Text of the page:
In particular, educating employers re age discrimination
could help in easing skills shortages in such areas as IT work,
where IT employers have been reluctant to engage older workers.
In what circumstances (if any) is the use of age
as a criterion for the recruitment and retention of employees
There are only limited circumstances in which
the use of age as a criterion for recruitment and retention of
employees is justified. The most obvious being for health and
safety reasons. There may be valid reasons for limiting some job
opportunities to deny the very young or people of post statutory
retirement age from applying to some positions eg a lower age
limit where there is a lengthy training programme for positions
such as vets, doctors, pilots etc.
It might be appropriate to develop a "Genuine
Occupational Qualification" exemption in relation to age,
which would be similarly stringent as those that exist for race
and sex discrimination.
How effective is the Government's Code of Practice
in promoting age diversity in the workplace?
Wherever possible the REC believes in a voluntary
approach to solving problems in the workplace and in the employment
arena. Small businesses are already inundated and overwhelmed
by regulation. The CBI estimates that new employment rights since
1997 will have cost businesses some £12.3 billion to implement.
Whilst the REC believes that the Code is a valuable and much needed
source of guidance many employers had not heard of the Code, or
only had a vague idea as to its contents. A wider marketing and
distribution of the Code may go some way to resolving some of
In what ways do other Government policies such
as New Deal help or hinder older workers, especially unemployed
It was felt that the Government should set an
example by removing any age limits (either upper or lower) from
the New Deal initiative. Many felt that New Deal did enable older
workers to find employment but only at low pay rates, so their
years of experience were still not taken into account properly
in the job market.
From speaking to members dealing with all government
departments evidence suggests that there are often artificial
limits imposed for government initiatives. Especially access to
government funded training schemes, which seem to be aimed disproportionately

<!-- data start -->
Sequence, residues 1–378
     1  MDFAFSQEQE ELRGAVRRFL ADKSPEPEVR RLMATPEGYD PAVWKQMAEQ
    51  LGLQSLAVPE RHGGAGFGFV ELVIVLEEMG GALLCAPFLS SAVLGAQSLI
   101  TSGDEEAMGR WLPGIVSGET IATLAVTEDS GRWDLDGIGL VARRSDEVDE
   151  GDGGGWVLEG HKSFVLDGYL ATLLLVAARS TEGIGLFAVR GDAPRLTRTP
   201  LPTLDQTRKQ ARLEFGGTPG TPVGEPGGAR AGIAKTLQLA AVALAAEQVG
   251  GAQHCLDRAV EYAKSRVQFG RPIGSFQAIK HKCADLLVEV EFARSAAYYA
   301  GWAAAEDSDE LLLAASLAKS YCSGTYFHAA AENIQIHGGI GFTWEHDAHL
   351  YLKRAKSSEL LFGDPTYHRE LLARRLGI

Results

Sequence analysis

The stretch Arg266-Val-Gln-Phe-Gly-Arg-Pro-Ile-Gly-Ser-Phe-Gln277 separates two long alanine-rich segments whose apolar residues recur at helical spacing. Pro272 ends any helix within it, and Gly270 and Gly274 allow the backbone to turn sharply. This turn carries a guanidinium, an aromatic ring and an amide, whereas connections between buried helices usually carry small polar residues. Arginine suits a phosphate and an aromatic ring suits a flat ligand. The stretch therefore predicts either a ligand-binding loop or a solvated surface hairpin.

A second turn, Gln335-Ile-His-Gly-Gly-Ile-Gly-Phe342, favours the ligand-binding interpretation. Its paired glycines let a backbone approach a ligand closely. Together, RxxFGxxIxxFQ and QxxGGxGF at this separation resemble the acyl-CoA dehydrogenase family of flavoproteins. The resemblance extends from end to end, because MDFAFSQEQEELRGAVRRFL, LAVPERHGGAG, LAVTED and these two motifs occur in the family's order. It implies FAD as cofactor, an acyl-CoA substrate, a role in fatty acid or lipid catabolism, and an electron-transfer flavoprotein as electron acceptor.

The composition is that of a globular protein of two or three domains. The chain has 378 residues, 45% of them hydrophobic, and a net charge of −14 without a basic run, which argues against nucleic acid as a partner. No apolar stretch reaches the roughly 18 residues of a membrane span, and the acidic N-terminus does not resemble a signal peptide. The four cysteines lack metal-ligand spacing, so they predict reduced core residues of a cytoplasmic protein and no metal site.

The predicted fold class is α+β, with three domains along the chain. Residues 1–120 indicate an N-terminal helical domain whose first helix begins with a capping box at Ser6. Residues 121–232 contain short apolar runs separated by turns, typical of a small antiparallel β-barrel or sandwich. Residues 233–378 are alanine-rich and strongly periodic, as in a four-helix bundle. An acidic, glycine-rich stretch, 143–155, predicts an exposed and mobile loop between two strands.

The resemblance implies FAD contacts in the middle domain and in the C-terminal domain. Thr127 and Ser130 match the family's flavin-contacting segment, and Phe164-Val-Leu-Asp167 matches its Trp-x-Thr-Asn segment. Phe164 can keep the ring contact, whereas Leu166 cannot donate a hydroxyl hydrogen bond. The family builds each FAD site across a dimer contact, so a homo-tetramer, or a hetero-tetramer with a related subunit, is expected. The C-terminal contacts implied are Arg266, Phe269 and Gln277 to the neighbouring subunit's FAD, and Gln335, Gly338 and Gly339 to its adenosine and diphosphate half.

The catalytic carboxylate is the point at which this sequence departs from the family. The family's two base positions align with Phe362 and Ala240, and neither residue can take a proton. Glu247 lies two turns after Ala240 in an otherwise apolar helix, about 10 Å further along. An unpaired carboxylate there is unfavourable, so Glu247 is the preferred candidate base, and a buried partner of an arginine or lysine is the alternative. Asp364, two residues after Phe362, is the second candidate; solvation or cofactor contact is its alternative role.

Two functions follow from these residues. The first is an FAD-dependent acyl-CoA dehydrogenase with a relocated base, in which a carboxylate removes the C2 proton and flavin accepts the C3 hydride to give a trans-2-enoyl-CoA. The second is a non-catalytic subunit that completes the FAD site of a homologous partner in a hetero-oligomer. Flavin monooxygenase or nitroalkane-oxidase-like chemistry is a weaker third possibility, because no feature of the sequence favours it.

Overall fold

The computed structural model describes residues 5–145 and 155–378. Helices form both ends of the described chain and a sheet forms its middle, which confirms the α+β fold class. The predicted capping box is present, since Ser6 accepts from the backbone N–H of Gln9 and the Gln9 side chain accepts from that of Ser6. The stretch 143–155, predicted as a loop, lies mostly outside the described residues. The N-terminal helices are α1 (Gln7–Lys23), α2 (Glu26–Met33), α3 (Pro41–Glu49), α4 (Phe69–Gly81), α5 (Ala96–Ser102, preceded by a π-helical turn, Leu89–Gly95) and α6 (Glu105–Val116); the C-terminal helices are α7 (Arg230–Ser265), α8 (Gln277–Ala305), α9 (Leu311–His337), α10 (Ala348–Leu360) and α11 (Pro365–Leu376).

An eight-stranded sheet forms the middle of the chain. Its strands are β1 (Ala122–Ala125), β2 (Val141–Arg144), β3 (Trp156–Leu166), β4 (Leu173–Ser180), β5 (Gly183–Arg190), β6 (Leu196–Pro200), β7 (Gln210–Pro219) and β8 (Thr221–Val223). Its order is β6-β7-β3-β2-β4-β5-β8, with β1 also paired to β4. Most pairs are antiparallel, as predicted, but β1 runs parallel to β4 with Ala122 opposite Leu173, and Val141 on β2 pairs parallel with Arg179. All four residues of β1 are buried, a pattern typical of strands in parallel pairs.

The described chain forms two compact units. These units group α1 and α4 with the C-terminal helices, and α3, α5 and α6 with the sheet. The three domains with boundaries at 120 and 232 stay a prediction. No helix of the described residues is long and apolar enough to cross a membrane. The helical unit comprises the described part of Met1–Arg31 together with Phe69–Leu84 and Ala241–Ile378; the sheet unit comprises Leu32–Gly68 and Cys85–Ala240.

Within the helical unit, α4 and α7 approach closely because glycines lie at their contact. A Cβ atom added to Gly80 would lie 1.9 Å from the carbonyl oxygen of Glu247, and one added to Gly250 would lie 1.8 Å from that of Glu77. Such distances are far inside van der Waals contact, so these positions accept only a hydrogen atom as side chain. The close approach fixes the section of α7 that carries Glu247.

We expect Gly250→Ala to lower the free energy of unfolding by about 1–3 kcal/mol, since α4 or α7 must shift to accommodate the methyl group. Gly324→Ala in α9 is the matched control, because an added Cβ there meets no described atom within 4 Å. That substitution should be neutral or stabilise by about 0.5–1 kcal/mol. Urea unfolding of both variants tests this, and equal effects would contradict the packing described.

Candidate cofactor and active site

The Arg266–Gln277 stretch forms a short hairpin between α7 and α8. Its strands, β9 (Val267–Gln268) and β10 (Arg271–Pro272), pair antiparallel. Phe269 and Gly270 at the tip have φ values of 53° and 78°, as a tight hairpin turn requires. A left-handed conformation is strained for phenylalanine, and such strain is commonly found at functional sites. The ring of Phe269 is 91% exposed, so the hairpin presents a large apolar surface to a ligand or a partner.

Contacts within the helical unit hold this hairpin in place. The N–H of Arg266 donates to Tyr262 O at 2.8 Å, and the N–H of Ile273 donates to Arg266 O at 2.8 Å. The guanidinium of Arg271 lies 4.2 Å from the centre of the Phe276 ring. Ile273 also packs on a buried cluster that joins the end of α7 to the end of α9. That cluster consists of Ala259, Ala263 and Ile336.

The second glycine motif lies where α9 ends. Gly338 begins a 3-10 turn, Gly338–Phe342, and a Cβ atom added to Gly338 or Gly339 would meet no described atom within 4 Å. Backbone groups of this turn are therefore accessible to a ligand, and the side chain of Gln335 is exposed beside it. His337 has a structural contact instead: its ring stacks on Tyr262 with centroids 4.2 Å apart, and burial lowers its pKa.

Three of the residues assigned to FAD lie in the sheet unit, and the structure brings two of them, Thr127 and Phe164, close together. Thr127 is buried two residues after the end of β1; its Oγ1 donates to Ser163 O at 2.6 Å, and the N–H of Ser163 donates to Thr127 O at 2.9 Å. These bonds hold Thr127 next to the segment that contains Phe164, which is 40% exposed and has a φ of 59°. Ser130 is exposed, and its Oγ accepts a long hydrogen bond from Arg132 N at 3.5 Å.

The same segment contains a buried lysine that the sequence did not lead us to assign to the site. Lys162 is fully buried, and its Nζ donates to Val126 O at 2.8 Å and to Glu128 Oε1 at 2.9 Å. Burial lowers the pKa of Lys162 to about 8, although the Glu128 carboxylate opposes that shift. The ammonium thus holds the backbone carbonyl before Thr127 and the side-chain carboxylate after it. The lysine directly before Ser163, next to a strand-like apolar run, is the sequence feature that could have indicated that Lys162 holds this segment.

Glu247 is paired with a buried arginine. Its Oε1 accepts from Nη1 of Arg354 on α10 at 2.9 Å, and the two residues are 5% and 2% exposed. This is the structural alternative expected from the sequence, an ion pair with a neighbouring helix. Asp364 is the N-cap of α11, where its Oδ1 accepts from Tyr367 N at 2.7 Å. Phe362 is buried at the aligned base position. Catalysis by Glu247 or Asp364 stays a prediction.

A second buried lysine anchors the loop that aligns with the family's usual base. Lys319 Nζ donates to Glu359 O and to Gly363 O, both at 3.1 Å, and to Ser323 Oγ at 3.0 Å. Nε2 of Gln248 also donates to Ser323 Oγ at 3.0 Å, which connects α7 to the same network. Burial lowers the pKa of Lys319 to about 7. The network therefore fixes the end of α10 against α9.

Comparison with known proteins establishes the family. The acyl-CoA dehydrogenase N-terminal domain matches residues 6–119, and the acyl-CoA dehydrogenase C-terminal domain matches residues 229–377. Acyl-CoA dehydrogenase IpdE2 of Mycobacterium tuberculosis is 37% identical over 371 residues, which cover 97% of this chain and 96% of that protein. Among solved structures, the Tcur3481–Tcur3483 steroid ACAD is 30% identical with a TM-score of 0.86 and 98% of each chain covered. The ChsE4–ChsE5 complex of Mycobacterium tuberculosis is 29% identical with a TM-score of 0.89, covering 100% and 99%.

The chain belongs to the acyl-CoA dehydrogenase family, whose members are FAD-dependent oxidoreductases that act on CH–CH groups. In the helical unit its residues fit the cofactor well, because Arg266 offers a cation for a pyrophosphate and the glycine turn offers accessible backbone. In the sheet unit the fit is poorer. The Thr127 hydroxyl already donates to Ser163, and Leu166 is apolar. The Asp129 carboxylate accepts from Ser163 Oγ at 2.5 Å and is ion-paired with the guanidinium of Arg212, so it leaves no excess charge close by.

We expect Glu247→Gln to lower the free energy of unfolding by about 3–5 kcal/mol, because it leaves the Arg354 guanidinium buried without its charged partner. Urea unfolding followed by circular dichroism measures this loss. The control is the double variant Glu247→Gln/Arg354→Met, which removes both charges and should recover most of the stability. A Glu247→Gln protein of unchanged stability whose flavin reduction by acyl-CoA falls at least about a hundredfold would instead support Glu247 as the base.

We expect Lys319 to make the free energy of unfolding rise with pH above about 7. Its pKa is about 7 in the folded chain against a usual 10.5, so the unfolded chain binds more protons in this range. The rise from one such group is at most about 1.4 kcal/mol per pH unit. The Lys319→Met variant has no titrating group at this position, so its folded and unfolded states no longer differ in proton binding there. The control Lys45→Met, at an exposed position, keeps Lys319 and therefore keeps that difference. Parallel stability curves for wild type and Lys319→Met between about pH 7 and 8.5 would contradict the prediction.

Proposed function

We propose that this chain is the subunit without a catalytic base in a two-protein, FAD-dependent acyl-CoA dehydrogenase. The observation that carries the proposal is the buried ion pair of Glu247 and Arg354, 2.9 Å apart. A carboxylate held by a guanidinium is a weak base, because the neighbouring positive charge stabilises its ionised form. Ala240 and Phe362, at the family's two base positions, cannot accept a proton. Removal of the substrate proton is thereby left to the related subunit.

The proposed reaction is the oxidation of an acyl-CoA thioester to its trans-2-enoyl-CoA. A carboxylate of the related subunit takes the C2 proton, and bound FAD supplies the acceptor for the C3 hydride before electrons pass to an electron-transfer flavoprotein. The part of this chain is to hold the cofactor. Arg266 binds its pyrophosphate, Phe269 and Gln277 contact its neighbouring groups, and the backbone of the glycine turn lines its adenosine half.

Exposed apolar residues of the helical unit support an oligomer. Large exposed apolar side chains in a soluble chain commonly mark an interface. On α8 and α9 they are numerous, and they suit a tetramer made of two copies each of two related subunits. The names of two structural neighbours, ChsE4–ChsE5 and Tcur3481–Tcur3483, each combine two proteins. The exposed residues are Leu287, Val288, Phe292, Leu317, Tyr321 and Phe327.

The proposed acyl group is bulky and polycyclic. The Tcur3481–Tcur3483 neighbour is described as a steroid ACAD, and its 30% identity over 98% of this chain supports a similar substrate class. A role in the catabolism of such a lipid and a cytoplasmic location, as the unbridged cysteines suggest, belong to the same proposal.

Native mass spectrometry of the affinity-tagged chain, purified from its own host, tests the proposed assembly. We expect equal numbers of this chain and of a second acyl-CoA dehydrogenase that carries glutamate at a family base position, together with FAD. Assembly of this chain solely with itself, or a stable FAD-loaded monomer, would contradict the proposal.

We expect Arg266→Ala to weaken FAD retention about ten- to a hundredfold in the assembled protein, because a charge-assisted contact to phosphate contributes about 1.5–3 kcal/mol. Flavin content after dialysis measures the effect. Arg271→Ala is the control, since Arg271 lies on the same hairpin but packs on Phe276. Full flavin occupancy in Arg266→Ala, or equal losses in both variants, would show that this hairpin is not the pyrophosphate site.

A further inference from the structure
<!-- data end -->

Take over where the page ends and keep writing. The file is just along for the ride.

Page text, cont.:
at the young. It is recommended that government departments review
all of their requirements for contracts, access to government
funding etc. Also there are age limits in some departments that
should be reviewed eg maximum of 70 for agency doctors.
Is there a case for anti-discrimination legislation,
and if so, what provisions should it include?
The REC strongly believes in a voluntary approach
to this issue. However if the Government were minded to simplify
the existing legislation and consolidate the various Acts relating
to discrimination in the field of employment, then the majority
of our members could support the inclusion of age discrimination
in such a consolidation.
As a very minimum it could make age as a criterion
for recruitment illegal (unless there is a GOQ), and ban age information
in advertisements, and on c.v.'s and application forms.
The REC as the trade association for the recruitment
industry is opposed to age discrimination, has developed a Code
of Conduct for its members, which opposed age discrimination and
works actively to promote good practice.
There are plenty of good examples in the recruitment
sector where employers' attitudes are challenged and there is
some evidence that a voluntary approach is working.
The REC would support age discrimination legislation
if there were sufficient evidence to show that it was necessary
and it was in the format of a consolidated Act on discrimination.
The REC would be delighted to give oral evidence
to the Committee if this was thought to be helpful.
Recruitment and Employment Confederation